Your Energy Needs Are For The Birds
It’s Sunday morning, and I just finished watching the round table discussion portion of This Week on ABC. We were blessed today with a few special guests filling out the panel, including Bill Maher. The man seemed unable to open his mouth without causing my jaw to head for the floor in synchronized response. Apart from the subject of this column, I could probably have spent a while dissecting these gems:
“Conservatives are opposed to big government intervention… unless it’s against people who aren’t white.”
“I’m not saying all Republicans are racists. That would be wrong. But these days, if you’re a racist, you’re probably a Republican.”
But I digress. That’s really not why I’m here today. No, Bill caught my attention more when he began attacking the oil industry in response to the recent spill in the Gulf of Mexico. Among his many complaints was the effect the spill will have on wildlife, particularly the birds. It’s a legitimate cause for concern, of course. I love animals – even the ones I don’t eat – and nobody but a sadist wants to see them suffer or die needlessly. During the Exxon Valdez spill in 1989, it’s estimated that somewhere between 40,000 and 250,000 birds died.
That’s a lot of birds.
Or is it? Bill talked lovingly, once again, about how we need to do away with oil production entirely, much as he did when he criticized President Obama over his sorry position on off shore drilling. (Prompting Stacy McCain to wonder how he speaks with a foot that size in his mouth.) The solution in Bill Maher’s world, of course, is more renewable energy, like wind power! Fortunately, George Will was on the panel to point out the incredible number of birds killed by wind farms each year.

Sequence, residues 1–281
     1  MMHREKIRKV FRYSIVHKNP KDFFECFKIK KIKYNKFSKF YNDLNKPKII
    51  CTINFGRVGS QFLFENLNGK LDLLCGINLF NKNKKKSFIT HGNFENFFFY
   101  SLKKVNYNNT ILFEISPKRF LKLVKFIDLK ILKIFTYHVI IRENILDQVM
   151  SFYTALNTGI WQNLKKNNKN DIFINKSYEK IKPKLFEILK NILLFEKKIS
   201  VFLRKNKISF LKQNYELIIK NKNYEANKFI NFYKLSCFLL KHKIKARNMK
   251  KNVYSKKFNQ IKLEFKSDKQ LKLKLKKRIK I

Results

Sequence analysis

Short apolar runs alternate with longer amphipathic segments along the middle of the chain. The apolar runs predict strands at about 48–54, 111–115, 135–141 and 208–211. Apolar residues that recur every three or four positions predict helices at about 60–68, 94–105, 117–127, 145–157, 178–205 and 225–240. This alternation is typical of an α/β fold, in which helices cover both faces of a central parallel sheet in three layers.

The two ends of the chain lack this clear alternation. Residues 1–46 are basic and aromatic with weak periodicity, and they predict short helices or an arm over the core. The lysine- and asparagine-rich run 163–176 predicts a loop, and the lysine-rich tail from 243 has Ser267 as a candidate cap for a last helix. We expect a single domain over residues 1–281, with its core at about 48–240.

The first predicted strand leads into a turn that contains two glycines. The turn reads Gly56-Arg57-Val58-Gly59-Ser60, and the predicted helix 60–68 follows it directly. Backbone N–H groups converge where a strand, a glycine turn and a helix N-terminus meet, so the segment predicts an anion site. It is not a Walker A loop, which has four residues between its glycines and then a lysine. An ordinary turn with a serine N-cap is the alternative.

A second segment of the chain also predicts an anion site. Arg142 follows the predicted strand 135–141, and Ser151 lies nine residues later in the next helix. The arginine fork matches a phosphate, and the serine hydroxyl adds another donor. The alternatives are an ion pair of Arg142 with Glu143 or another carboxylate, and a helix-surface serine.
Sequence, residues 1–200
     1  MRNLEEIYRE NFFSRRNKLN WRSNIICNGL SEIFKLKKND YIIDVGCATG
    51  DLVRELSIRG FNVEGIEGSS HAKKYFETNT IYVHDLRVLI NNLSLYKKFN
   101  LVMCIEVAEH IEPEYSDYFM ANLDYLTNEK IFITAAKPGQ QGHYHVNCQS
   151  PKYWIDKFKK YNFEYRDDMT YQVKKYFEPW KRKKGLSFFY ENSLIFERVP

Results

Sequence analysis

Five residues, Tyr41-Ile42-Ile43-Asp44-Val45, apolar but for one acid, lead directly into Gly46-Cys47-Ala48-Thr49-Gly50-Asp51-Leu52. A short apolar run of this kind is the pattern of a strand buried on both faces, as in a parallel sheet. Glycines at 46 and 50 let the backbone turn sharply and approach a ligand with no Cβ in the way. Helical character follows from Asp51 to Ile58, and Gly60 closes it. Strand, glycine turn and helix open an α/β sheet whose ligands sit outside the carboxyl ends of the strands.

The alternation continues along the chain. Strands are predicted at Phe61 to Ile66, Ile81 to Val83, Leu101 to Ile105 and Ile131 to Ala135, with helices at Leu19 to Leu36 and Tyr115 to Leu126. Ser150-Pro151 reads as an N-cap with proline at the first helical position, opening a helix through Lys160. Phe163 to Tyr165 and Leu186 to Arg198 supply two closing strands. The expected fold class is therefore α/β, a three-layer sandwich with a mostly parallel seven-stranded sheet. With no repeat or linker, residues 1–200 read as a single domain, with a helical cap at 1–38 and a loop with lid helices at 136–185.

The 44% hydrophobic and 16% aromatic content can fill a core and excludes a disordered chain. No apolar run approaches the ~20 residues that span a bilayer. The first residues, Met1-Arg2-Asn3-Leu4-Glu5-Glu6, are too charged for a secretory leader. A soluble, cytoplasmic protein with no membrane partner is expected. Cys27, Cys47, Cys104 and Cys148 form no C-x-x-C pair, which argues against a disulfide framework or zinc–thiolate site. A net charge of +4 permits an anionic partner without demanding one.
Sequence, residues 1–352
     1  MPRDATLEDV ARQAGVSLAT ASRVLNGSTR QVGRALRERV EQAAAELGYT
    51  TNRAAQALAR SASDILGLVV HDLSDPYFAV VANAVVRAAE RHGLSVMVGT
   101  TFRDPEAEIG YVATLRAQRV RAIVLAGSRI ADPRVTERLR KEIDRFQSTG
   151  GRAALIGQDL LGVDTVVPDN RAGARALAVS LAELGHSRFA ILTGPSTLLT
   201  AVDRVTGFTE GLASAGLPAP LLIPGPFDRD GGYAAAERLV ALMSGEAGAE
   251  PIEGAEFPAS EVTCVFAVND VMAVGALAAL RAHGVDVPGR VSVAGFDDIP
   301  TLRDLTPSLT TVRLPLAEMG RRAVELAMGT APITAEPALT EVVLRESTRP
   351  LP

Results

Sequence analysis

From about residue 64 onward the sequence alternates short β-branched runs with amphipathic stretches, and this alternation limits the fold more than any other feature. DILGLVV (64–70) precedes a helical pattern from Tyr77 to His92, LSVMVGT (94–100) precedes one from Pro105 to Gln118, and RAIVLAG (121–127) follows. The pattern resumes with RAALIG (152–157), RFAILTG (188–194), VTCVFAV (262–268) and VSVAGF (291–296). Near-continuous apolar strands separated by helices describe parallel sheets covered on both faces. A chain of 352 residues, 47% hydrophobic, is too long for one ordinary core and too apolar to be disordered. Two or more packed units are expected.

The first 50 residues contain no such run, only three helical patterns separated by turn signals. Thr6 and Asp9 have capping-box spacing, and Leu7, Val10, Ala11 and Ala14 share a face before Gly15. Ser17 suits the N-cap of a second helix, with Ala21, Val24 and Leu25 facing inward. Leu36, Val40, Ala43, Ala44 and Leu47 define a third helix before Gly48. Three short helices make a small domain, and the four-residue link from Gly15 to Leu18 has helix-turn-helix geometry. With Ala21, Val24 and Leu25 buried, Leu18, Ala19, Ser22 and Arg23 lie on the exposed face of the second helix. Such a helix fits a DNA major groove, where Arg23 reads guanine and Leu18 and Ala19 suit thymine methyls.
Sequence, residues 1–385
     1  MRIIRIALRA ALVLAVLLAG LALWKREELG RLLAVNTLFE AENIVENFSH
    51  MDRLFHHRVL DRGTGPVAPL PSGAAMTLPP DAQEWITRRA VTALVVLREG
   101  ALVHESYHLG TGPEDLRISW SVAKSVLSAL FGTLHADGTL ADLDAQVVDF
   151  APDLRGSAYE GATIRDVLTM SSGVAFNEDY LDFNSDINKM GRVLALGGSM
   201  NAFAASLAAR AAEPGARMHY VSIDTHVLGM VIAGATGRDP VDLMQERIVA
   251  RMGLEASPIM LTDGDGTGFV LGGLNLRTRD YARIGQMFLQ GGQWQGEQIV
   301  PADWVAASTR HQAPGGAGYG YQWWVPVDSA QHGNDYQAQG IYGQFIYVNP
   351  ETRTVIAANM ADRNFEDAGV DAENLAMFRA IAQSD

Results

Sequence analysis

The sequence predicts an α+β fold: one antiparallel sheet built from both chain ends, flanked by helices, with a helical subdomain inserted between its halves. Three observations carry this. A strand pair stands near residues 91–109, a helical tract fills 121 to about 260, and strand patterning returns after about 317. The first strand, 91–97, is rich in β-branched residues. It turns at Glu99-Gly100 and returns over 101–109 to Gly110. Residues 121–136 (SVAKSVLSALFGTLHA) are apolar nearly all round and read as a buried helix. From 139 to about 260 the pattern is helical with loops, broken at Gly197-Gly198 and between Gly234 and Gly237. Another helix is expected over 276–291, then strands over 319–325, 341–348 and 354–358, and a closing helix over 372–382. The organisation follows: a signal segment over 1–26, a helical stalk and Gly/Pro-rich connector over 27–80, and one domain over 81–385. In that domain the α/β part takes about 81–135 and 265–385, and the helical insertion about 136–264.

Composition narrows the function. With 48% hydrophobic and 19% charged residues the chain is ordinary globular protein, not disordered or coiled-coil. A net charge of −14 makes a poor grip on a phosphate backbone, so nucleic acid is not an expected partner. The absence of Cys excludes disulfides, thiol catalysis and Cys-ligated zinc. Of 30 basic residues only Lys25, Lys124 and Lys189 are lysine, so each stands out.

For those keeping score, one windfarm alone in Altamont Pass, California, has been chopping up tens of thousands of birds annually since it went online, including a number of seriously endangered raptor species. Clearly these wind farms must be eliminated, if only for the sake of the birds.
But we can’t stop there. Even those who say that wind farms don’t really put a dent in the bird population point out that domestic cats kill as many as “hundreds of millions of birds” every year. That’s why, beginning this week, Bill Maher and I will be kicking off a grassroots movement pushing Congress to introduce the American Defelinization Act of 2010. These cats must be found and eliminated. And don’t start crying to me now, cat lovers. (I have three cats myself.) It’s for the good of the birds.
Sadly, that’s not going to solve the problem either. A 2006 report from NPR estimates that glass windows in buildings – particularly high rise skyscrapers – kill as many as one billion birds per year, which accounts for roughly 5% of the total bird population. That number sounds a bit high to me, but even if the real total is only ten percent of that, we’re losing 100 million birds annually to glass panes. We must move immediately to eliminate glass windows from all buildings. Of course, that’s going to make the offices quite a bit harder to heat in the winter, so we’re probably going to be needing more … ummmm… oil….
We don’t want to see oil spills, either from drilling or shipping, so we constantly work to improve the technology and reduce the risks. And we will no doubt learn from this sad event and continue to improve safety precautions and procedures. But we don’t throw the baby bird out with the bath water, either. Let’s see… Exxon Valdez was in 1989. This spill is in 2010. If oil exploration, production and shipping continues with major accidents at that rate, it could cost us roughly a half a million birds every twenty years. How many will wind farms, windows and cats rack up in that time?
The sad fact is that birds and technology don’t mix very well. That doesn’t mean that we turn our backs on technology and return to cave dwelling. And let’s face it here… you birds really only have yourselves to blame. I mean, if you had evolved bigger brains and better technology a bit faster you would, by now, have had all of us humans rounded up in pens, living on slop, ready to have our eyes pecked out whenever you felt like a bit of a nosh.
Every race has one winner and a whole bunch of losers. Sorry to say, birds, but we came in first.
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